The World Cup offers something of a free kick for soccer diplomacy, which some observers say U.S. President Barack Obama is failing to capitalize on.
While many nations, from Germany to Russia, are sending their leaders to Brazil to make a diplomatic appearance, Obama is staying home. So is First Lady Michelle Obama and their soccer-loving children, all three of whom attended the 2012 London Olympics.
“It’s a diminished opportunity,” says Derek Shearer, a former ambassador to Finland under President Bill Clinton and current director of the McKinnon Center for Global Affairs at Occidental University, where he teaches a class on sports diplomacy. “Obama could have made more of it than he seems to be doing.”
To be sure, Obama did send Vice President Joseph Biden to attend yesterday’s match in Natal between the U.S. and Ghana. Today, the vice president is meeting with President Dilma Rousseff in Brasília. Biden also represented the White House at the 2010 World Cup in South Africa. But given that Brazil is the largest economy in South America and the U.S.’ neighbor, should Obama have made a bigger deal of the 2014 World Cup?
“Nations be spyin’, yo!”
That’s how Jon Stewart of The Daily Show recently summed up the ongoing-and-ever-expanding allegations that the U.S. National Security Agency spied on Brazil and other nations, a story to which Wikipedia now devotes more than 33,000 words and nearly 600 source references.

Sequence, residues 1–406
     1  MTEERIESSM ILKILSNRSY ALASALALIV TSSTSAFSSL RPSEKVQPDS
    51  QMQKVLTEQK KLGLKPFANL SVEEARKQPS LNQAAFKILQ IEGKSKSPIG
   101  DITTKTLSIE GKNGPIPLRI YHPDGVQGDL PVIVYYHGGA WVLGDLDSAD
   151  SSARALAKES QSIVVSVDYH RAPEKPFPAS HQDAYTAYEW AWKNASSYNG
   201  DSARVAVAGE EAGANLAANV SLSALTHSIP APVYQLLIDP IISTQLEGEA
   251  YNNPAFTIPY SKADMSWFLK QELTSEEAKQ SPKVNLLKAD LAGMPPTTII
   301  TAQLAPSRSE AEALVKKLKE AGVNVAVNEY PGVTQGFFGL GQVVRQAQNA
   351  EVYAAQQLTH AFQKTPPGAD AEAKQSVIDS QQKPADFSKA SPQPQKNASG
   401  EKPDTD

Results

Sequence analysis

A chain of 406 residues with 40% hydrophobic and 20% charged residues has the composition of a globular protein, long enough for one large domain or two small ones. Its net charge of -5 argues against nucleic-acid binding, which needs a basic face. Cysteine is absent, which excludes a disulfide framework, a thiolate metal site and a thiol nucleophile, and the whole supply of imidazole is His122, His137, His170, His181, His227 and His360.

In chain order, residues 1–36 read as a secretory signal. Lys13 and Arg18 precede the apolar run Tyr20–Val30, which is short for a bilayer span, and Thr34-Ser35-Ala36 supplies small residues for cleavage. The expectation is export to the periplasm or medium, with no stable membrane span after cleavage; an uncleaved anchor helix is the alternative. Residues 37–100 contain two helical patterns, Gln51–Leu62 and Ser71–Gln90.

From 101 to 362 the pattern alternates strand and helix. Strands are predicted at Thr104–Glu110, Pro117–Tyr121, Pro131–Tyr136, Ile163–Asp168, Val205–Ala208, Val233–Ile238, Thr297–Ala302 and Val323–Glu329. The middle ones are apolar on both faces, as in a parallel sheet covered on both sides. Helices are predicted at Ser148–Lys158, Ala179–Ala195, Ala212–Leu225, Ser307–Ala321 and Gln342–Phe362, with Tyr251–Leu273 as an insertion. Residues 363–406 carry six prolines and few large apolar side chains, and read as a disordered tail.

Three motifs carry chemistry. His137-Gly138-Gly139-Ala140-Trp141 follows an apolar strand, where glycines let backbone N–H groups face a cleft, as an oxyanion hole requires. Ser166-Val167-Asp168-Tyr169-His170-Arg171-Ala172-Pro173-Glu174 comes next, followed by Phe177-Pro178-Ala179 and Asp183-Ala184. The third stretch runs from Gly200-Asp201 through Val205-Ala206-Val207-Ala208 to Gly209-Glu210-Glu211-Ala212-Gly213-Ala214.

“All nations act in their own self-interest,” Stewart said on October 24, addressing those such as Brazilian President Dilma Rousseff who have responded with outrage to the allegations. “Don’t act like your s*** don’t stink, it does, and we know, because we have a super-secret program that goes through your s***.”
Stewart was more right than he knew.
This week in Brazil, local media revealed that the Agência Brasileira de Inteligência (Brazilian Intelligence Agency—ABIN) has spied on diplomatic allies including the United States—an embarrassing revelation for Rousseff, who in recent months has positioned herself as a champion of privacy rights and even canceled an official state visit this fall to the White House because she said the U.S. refused to swiftly end its spying program.
Awkward. But now, the revelations about Brazil’s spy program have sparked a reaction similar to Stewart’s.
“Brazil has an intelligence agency, so it is not big news that Brazil spies,” Rafael Alcadipani da Silveira, of the Rio de Janeiro think tank Fundação Getúlio Vargas, told me.
“Everybody spies,” agreed Christian Lohbauer, a political scientist at the Universidade de São Paulo (University of São Paulo—USP). If anything, he is now more annoyed at Brazil’s government for having used the issue to gain political points at home.
Brazil’s postponement of its White House state dinner–seen as a long-awaited wedding ceremony for the two countries after a very drawn out courtship–may signal more than just President Rousseff’s anger with revelations that the U.S. National Security Agency (NSA) had been spying on her personal life and Petrobrás, the state oil company. Since the postponement (which some have understood to mean cancellation), Rousseff has carved out a new niche for Brazil’s international identity, seizing the opportunity to make a bold and public statement about the direction of its foreign policy, away from the United States and its allies.
Brazil’s newfound enthusiasm for the issue of Internet privacy comes after a half-decade of an ambivalent foreign policy strategy. The predictions of a major shift in international political influence following the 2008 financial crisis, when the G-20 rose in importance to become the premier forum of global governance, signaled a potential new role for Brazil. However, this was problematic for Brazil since the G-20 represented everything that the country had long criticized: a private club of global power players.